The Greater Atlantic City Chamber opposes the South Jersey Transportation Authority’s (SJTA) proposed Atlantic City Expressway toll increase. The current state of the economy and anticipated long-term recovery time are reasons enough to delay conversations about a toll hike. Add to the equation that there are significant questions surrounding the capital projects as proposed. We encourage the SJTA Board of Directors to provide the public with more time to fully evaluate and express their opinion on each of the proposed capital projects. We ask for more details, more substance and more justification for not only the increases but also the timing and necessity of each proposed project.
The proposed 37% toll hike would be used to help fund 12 projects totaling $500 million in construction spending. Without question, there are justifiable SJTA capital projects like the replacement of fleet equipment, lighting improvements, and resurfacing. One of the projects, a planned light rail line from Glassboro to Camden, would receive up to $200 million or 40% of the additional toll funds. Why? What is the nexus for financing new light rail in Gloucester County with tolls paid by drivers in Atlantic and Camden? Others include $150 million to widen a 13-mile section of the Expressway, $60 million to build a direct connector to the Atlantic City Airport, and $40 million to install a cashless electronic toll collection system. None of the more significant projects to be funded with the increase appear to have any immediate time sensitivity. It would be wise to table these projects until the region can economically recover.
SJTA Commissioner Diane Gutierrez-Scaccetti has maintained the capital project plan will present an immediate economic stimulus. “It will allow South Jersey to recover from the COVID-19 pandemic in the short term and sustain economic development into the future,” she said at the third of three online public hearings on the project, held over the objections of many.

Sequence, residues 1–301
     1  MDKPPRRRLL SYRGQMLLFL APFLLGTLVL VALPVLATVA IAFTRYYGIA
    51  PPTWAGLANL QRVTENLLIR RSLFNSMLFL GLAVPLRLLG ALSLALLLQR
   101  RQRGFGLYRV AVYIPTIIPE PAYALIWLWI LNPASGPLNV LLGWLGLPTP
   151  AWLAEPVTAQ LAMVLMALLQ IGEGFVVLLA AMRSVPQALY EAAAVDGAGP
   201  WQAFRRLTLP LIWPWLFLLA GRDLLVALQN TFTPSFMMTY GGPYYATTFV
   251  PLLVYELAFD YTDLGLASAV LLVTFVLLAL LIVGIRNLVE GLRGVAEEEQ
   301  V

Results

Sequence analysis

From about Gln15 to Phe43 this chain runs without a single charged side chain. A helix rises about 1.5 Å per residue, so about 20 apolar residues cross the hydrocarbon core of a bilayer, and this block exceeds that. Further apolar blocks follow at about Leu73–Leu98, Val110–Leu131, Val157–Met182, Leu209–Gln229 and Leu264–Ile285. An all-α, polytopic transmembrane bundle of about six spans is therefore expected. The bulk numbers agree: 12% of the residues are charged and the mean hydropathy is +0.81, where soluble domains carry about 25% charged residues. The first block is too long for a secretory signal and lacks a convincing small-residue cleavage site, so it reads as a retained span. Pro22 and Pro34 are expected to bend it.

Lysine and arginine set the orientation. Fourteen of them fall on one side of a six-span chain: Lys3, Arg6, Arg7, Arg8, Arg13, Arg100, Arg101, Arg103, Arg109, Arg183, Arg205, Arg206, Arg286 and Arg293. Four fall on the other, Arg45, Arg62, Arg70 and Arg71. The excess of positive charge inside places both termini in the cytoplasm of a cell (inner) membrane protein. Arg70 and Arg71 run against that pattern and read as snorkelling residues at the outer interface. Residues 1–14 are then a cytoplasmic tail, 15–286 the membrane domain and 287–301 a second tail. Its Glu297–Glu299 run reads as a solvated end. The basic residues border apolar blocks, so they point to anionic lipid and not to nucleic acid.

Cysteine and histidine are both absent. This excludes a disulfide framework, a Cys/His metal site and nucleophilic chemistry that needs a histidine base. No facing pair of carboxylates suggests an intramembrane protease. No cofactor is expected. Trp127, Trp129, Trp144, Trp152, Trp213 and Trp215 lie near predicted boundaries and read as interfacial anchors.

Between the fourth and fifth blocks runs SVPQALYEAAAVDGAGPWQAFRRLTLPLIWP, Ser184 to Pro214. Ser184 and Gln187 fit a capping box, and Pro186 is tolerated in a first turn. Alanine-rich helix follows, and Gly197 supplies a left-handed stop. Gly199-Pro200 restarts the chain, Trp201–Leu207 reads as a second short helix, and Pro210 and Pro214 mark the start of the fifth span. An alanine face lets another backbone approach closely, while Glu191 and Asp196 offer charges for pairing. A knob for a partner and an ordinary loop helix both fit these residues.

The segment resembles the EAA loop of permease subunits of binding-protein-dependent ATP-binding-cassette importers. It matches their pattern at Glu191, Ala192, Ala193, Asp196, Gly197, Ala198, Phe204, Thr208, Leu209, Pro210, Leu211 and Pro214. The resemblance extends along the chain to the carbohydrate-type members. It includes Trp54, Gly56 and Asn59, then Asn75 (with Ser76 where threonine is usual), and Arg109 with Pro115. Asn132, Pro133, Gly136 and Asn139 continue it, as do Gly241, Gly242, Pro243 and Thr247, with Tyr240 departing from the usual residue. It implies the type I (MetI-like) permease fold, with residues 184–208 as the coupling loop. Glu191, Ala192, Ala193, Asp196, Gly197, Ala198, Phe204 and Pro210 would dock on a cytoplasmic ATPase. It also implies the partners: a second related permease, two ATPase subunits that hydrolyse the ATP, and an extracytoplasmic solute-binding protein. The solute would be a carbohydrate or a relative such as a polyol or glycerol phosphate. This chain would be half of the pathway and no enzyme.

That may be true. But you must take into consideration what revenues could be lost as well. Will this toll hike discourage visitors? Will an $85 a month cost for the Egg Harbor Township toll or a dollar a day increase for commuters using the Pleasantville tolls divert additional traffic on non-toll roads? Which of the proposed projects can provide additional economic and infrastructure benefits?
The Chamber has been championing upgrades to the Atlantic City Rail Line which seem to be an afterthought in SJTA’s Proposed Capital Improvement Program. “With six million people living in the Philadelphia metro area having direct access to our beaches, boardwalk, and casinos through the Atlantic City Rail Line, it’s in the best interest of everyone that NJ Transit makes it easier and more efficient for them to get here,” said Senator Chris Brown. “Together with NJ Transit and area stakeholders we can help the rail line reach its fullest potential in attracting more visitors while operating a convenient schedule for our working families who rely on the train to get to work and home every day.” This is one initiative that would be supportive of economic recovery efforts for our region.
In addition, as the region strives to diversify, we would encourage the SJTA Board of Directors to consider improvements to its own Atlantic City International Airport before building new rail elsewhere.
The Greater Atlantic City Chamber agrees with Congressman Van Drew that “Every ounce of resources in our state should be focused on defeating the hidden enemy we all have in common: COVID-19.” We respectfully ask that the SJTA abandon this ill-timed toll hike. The priority of our region must be the health and safety of our residents, employees, and visitors.